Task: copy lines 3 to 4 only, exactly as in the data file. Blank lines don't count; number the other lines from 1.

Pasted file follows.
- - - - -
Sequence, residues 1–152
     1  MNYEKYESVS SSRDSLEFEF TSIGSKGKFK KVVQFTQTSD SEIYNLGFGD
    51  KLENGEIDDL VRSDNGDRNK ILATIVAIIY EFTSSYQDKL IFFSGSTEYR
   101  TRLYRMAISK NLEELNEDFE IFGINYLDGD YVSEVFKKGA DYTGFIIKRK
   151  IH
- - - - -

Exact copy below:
    51  KLENGEIDDL VRSDNGDRNK ILATIVAIIY EFTSSYQDKL IFFSGSTEYR
   101  TRLYRMAISK NLEELNEDFE IFGINYLDGD YVSEVFKKGA DYTGFIIKRK